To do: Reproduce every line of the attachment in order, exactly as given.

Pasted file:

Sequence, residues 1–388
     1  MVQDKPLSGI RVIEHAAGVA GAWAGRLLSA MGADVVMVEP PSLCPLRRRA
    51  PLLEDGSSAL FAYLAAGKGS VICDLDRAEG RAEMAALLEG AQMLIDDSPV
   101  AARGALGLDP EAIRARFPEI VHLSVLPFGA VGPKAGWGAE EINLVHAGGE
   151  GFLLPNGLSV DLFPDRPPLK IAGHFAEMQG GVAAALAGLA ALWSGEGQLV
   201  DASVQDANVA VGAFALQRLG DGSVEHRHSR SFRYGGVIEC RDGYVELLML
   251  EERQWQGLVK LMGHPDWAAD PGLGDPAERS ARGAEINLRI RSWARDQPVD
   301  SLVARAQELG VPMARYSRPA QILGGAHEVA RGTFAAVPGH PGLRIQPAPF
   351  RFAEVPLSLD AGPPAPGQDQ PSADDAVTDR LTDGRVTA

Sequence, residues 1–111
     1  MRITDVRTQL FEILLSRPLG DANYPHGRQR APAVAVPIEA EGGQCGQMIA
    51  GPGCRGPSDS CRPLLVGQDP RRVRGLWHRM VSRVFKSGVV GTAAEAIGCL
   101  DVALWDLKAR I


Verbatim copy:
Sequence, residues 1–388
     1  MVQDKPLSGI RVIEHAAGVA GAWAGRLLSA MGADVVMVEP PSLCPLRRRA
    51  PLLEDGSSAL FAYLAAGKGS VICDLDRAEG RAEMAALLEG AQMLIDDSPV
   101  AARGALGLDP EAIRARFPEI VHLSVLPFGA VGPKAGWGAE EINLVHAGGE
   151  GFLLPNGLSV DLFPDRPPLK IAGHFAEMQG GVAAALAGLA ALWSGEGQLV
   201  DASVQDANVA VGAFALQRLG DGSVEHRHSR SFRYGGVIEC RDGYVELLML
   251  EERQWQGLVK LMGHPDWAAD PGLGDPAERS ARGAEINLRI RSWARDQPVD
   301  SLVARAQELG VPMARYSRPA QILGGAHEVA RGTFAAVPGH PGLRIQPAPF
   351  RFAEVPLSLD AGPPAPGQDQ PSADDAVTDR LTDGRVTA

Sequence, residues 1–111
     1  MRITDVRTQL FEILLSRPLG DANYPHGRQR APAVAVPIEA EGGQCGQMIA
    51  GPGCRGPSDS CRPLLVGQDP RRVRGLWHRM VSRVFKSGVV GTAAEAIGCL
   101  DVALWDLKAR I